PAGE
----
Feature Story

Dragon Boat

International Analogy

In India, Vallamkali is a Snake Boat used to protect food offerings from river pirates during the Onam Festival, in order to give thanks for God’s miracle at Aranmulla temple. The Snake Boat race was derived as a commemoration of this special event.

Traditional dragon boats consist of the head, body and tailbone, together with additional peddles and a rudder. Large-sized superior timbers are preferred for their construction. A whole piece of juniper serves as the main component for the dragon head, which exudes anima and vibrancy. Camphorwood, a sacred wood, is used for the boat’s whole body for long term moth-proofing and moisture-proofing. Parts of the dragon boat crafted separately before being joined with wooden needles and and so it takes around 6-7 days to assemble a single boat. In accordance with mystical customs from the past, the first day of construction has to be carefully selected, while workers must undergo fasting, bathing, incense-burning and worshipping before work commences. Accompanied by drums and flags, colouring and calligraphy completes the process of making a flawless boat.

See more: Tai O Dragon Boat Water Parade

The highlight of the Dragon Boat Festival in Tai O is the "Deity Parade" (“遊涌”). This custom was listed on the Third National List of Intangible Cultural Heritage in 2011. The tradition started from a miracle that happened after Tai O was stricken by a plague hundreds of years ago.  In an attempt to wipe out the epidemic, statues of deities from temples of Tai O were placed on "sacred sampans", towed by dragon boats and paraded along the Tai O water channels. This miraculously ended the epidemic by placating the “water ghosts,” and the custom has remained in place until today.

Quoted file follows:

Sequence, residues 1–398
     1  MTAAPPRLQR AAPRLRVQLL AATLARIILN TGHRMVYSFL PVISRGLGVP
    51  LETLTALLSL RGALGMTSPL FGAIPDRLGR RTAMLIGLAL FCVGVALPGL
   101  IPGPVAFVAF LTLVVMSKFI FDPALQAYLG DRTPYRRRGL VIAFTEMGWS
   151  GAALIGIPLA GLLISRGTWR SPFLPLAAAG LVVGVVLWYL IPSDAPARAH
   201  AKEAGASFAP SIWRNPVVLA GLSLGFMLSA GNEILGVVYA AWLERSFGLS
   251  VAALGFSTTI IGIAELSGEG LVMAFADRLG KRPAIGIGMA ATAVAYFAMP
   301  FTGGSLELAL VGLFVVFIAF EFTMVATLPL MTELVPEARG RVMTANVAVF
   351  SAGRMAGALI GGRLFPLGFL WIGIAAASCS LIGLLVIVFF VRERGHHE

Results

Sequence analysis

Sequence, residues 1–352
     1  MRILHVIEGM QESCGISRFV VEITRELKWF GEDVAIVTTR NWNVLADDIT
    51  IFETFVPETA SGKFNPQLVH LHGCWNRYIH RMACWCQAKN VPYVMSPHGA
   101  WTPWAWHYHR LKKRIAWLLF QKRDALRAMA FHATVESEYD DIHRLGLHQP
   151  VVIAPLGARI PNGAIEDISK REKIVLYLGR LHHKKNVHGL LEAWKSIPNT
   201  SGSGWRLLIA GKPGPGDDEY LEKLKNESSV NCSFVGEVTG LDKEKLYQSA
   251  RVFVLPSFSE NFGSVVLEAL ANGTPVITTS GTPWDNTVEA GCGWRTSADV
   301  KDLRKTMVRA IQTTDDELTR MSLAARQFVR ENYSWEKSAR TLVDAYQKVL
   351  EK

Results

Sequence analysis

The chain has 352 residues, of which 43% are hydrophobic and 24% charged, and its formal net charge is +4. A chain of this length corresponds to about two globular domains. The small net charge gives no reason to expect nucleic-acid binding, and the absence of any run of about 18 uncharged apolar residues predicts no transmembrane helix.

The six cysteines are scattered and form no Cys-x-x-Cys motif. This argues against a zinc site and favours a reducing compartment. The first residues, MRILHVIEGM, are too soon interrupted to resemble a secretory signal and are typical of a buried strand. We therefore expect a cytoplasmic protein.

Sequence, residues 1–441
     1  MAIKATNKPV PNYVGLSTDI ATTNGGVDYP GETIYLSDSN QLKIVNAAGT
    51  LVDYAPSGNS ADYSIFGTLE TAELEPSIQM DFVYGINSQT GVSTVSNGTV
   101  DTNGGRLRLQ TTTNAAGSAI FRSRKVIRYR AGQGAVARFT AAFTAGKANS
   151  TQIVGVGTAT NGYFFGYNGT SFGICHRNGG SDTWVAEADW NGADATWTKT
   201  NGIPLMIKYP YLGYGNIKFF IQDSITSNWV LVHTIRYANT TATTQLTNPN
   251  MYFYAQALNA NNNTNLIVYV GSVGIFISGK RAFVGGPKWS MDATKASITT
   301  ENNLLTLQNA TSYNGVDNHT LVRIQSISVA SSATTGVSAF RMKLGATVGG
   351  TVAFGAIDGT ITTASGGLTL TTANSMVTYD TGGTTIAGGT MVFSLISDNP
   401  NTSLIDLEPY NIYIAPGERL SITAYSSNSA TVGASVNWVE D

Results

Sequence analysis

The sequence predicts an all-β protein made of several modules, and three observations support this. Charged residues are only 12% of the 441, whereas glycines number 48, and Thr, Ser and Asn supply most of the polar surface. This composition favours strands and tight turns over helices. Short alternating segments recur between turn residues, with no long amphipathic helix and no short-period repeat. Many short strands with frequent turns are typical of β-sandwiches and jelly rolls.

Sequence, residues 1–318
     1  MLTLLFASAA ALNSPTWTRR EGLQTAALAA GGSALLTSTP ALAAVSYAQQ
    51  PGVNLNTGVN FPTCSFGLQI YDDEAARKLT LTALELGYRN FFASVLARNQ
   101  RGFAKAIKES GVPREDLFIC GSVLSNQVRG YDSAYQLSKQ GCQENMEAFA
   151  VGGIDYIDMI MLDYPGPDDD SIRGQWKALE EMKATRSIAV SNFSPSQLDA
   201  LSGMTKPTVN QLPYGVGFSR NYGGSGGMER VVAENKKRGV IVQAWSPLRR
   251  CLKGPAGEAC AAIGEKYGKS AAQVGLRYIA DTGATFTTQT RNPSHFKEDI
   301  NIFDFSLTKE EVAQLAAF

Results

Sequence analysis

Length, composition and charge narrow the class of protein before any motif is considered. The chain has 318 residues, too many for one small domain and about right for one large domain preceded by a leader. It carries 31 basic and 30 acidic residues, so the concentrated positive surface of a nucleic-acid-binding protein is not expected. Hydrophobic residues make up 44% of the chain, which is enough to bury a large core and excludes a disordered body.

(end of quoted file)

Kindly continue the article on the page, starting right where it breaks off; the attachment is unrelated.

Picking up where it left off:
On May 4th and 5th of the Lunar Calendar, three fishermen's associations, "Pa Tang Hong" (扒艇行), Sin Yu Hong (鮮魚行) and Hap Sum Tong (合心堂), organise the religious "Deity Parade". This is divided into four parts:


  1. On the morning of May 4th, the association members visit four temples, Yeung Hau (楊侯廟), Kwan Tai (關帝廟), Tin Hau (天后廟) and Hung Shing (洪聖廟), and carry the deities’ statues back to their associations' hall for worship.
  2. Several procedures are then followed the next morning. The first step is "picking greens" (“採青”). The association’s members row the dragon boat to Po Chue Tam (寶珠潭), behind Yeung Hau Temple to pick fresh grasses on the hillside to put into the dragon's mouth.
  3. The next step is the "Deity Parade", during which a small boat from each fishermens' association containing the deities' statues is towed by a dragon boat parading along the Tai O canals. Gold and silver paper offerings are burned on the boats along the way, while the residents of nearby stilt houses burn incense sticks to pay their respects to the dragon boats passing by, praying for the safety and happiness of Tai O households.
  4. In the afternoon, the deities' statues are escorted back to the temples, in a sequence known as the "Deity Farewell". At night, everyone gathers for a celebratory feast, marking a perfect end to the festival.